Assessment of airway and spine to assess feasibility of general anaesthesia or regional anaesthesia was performed.

Both GA and RA have advantages and disadvantages. Therefore, we need to weigh risks and benefits in each patient.

In awake patients, under regional anaesthesia, monitoring cerebral circulation is possible. However, sympatholysis from subarachnoid block (SAB) may compromise end organ function.

Under general anaesthesia, hemodynamic fluctuations during intubation and extubation may cause rupture of vessels. Hence extreme caution must be exercised while anaesthetising these patients, and the whole process must be conducted in a gentle smooth manner.

Epidural anaesthesia provides good combination of an awake patient, slow onset sympathetic block and hemodynamic stability with carefully titrated top-ups. Hence, we opted to use epidural anaesthesia for this patient for LSCS, with postoperative monitoring in HDU care due to risks of vessel rupture, uncontrolled hypertension and postpartum haemorrhage.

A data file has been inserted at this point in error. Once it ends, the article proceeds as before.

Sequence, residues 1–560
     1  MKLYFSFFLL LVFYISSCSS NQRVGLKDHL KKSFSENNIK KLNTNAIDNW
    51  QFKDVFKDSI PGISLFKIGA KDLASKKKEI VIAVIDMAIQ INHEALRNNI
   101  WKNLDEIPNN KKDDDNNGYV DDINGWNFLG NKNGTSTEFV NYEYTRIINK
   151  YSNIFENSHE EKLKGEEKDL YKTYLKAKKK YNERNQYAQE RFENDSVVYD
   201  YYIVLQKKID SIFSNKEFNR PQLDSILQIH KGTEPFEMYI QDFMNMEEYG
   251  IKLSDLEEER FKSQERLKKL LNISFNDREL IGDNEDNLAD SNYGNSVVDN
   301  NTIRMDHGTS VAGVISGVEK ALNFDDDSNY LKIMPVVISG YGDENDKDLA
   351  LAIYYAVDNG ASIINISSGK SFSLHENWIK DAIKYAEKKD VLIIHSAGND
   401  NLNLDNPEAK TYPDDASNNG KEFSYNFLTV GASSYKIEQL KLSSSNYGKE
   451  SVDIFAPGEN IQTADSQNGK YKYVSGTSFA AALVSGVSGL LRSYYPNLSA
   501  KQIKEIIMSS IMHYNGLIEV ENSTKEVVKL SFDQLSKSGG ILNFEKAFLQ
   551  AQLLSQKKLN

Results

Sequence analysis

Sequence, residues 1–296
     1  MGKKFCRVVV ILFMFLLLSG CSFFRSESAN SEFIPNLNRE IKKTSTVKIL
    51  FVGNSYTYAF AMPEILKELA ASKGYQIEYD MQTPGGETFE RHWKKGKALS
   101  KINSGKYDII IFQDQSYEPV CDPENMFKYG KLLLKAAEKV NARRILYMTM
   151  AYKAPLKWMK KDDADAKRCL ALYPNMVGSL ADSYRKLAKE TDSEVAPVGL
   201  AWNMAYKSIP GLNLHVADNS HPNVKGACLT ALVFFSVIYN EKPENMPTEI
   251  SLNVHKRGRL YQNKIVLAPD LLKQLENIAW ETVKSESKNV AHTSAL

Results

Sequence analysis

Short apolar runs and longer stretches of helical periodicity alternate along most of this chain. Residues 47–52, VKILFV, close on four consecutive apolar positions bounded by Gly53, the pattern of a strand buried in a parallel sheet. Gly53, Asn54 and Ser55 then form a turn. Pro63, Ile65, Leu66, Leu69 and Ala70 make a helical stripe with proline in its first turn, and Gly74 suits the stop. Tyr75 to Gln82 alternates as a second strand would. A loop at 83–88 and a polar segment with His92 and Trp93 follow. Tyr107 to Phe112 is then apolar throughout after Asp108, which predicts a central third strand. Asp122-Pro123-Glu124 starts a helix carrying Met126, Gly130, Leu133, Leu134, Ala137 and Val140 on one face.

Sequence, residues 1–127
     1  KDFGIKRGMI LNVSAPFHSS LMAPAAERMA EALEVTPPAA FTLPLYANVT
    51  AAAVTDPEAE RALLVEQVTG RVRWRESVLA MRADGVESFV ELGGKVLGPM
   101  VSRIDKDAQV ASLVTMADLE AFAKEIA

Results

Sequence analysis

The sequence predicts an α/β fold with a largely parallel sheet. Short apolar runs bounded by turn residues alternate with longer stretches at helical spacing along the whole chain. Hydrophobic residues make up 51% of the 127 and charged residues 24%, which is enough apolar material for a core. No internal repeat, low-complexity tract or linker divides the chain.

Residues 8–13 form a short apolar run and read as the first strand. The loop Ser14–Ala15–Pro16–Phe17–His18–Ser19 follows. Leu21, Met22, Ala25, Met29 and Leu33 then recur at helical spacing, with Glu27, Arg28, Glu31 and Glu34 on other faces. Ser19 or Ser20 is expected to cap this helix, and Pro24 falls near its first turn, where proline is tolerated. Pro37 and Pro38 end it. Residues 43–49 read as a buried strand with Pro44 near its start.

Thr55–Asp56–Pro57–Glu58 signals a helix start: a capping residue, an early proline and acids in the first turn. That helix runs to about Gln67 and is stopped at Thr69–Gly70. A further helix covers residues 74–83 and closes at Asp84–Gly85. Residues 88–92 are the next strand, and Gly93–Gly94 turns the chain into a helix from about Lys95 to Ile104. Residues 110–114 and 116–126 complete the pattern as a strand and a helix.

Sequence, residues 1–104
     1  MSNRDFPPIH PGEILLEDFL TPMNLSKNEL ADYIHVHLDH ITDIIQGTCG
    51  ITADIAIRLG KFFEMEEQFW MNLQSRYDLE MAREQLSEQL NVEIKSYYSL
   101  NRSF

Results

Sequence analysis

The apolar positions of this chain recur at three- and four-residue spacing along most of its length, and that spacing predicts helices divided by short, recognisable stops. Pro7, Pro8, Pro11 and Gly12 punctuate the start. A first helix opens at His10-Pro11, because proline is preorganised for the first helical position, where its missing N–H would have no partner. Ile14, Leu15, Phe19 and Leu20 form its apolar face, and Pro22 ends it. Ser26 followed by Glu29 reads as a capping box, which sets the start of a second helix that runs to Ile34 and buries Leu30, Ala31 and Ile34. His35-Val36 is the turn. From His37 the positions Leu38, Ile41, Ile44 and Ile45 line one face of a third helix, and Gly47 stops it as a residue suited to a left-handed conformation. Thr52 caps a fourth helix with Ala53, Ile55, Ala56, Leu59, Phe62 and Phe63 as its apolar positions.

References

  • Henderson K, Fludder P. Epidural anaesthesia for Caesarean section in a patient with severe Takayasu's disease. Br J Anaesth 1999;83(6):956-9.
  • Ramanathan S, Gupta U, Chalon J, Turndorf H. Anaesthetic consideration in Takayasu's arteritis. Anesth Analg. 1979;58:247-9.
  • Goel N, Gupta K, Wadhawan S, Suchdeva P, Anand R. Undiagnosed Takayasu arteritis: an anaesthetic challenge. J Anaesth Clin Pharmacol. 2009;25:505-06.
  • Lew E, Yeo SW, Thomas E. Combined spinal-epidural anaesthesia using epidural volume extension leads to faster motor recovery after elective caesarean delivery: a prospective, randomized, double blind study. Anesth Analg. 2004;98:810-4.
  • Blumgart CH, Ryall D, Dennison B, Thompson-Hill LM. Mechanism of extension of spinal anaesthesia by extradural injection of local anaesthetic. Br J Anaesth. 1992;69:457รขโ‚ฌโ€œ60.

Take- home lesson

Choice of anaesthesia is one of the factors which determine a successful outcome of a surgical patient.